Expanding and Diversifying Your Agribusiness

October 25, 2022

What makes your business different than everybody else? Why should I shop here versus somewhere else? What sets this product apart? Often, these are the questions every entrepreneur is asked as they are starting out. For most folks, these can be easily answered as well. The path to wide success in bringing a product to market usually includes some kind of differentiation, something that disrupts the market and moves you to the forefront. Things like Amazon, that completely changed ecommerce, to something like the Scrub Daddy, completely changing the world of sponges, are examples of market differentiation that made it to the big time. But how can we do that with agriculture?

The answer to that question is often not an easy one. Since agriculture encompasses so many fields, it can be difficult to find what sets you apart. When you look at the resources available to help you start a business, the first thing you will see is how to identify a problem, and then figure out a way to fix it. However, this doesn’t always work with food. When working in agriculture, we may have to get more creative with our line of thinking. Instead of looking for problems, we may have to look for gaps in the market. Instead of finding a new way to produce something, we continue to build upon our strengths and get better at what we do. If we can’t control our prices, look at ways to trim costs, or bring something different to the table.

Identifying gaps in the market is one of the easiest ways to expand and diversify your business. If you are a regular vendor at farmers markets, be sure to listen to your customers. Watch the crowd, you may be able to see a group of people looking for a product, but they can’t find it. Find out what they are looking for, It could be something that you can add to your offerings. This creates a win-win situation for everyone, people find what they want, and you get to make more on your bottom line.

Building up your strengths is a great strategy as well. For instance, if you are excellent at growing tomatoes, there’s no shame in being known as the tomato people. Having a reputation of high quality and flavor solidifies your space in the market, and helps give you more control over your prices. Now, by no means is this a strategy to hold on to forever, as you will still have to keep market forces in mind. Diversification of your farm enterprise is always a good idea, as it mitigates risk across your operation. If you dedicate all your time to wonderful tomatoes, only to lose the crop to a blight, you don’t have any other products to fall back on.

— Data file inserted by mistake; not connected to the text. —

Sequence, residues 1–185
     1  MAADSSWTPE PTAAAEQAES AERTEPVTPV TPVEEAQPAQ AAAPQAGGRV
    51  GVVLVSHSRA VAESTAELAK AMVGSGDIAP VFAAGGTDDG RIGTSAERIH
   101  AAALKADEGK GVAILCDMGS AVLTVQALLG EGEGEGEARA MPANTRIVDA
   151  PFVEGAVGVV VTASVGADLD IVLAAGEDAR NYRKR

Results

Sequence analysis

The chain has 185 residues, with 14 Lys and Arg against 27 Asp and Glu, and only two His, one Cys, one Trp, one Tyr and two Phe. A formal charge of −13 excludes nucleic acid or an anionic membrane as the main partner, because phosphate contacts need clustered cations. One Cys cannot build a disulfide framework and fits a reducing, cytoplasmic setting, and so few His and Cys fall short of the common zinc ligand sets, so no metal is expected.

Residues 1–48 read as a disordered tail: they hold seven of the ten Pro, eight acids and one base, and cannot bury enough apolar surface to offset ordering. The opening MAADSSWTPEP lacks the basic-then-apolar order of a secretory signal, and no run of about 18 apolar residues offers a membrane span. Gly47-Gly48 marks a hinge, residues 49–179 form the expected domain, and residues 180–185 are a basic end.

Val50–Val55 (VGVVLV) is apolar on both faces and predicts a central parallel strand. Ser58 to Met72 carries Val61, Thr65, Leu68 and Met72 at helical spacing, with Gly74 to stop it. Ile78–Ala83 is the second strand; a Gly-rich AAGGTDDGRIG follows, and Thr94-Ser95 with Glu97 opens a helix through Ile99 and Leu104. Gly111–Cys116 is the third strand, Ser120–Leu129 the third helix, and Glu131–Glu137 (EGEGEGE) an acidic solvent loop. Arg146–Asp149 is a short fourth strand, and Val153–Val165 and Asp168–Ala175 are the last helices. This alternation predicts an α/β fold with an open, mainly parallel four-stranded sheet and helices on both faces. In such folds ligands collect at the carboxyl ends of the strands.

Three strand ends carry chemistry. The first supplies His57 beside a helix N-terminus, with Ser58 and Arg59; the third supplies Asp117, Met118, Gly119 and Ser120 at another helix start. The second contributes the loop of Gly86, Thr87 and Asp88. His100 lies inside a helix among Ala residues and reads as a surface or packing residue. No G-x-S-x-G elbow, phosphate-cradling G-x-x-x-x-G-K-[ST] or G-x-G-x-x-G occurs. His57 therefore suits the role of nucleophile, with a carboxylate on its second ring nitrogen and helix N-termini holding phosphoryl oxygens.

For livestock and grain producers, finding a niche and setting your own prices is often not possible. While there are instances of this working, it can be very difficult to create a market for a heritage breed, or a different kind of grain. Often, folks in these fields look to trimming costs and staying aware of market forces in order to keeps things positive. Staying in tune with the market is a huge help, as you may find a particular crop that could be worth more in the next growing season, especially if your equipment will plant and harvest that crop. Creating your niche in this market can be expensive as well. Stock for your breed or specific seed often come at a higher price point. In addition, your customer may not know the benefits of your product, adding another cost to your operation in the form of education.

Picking just one of these strategies may not be the best solution to finding your place in the market. In practice, many owners find themselves using a combination of all of these strategies. Many farmers market veterans will tell you that listening to your customer and being known as the “XYZ” people have helped them immensely in their journey. Any business person will tell you trimming costs is a key to success. While there is never a one size fits all solution to growing your farm business, the JCDA is here to help you along your journey. Feel free to reach out with questions and ideas, we would love to help!


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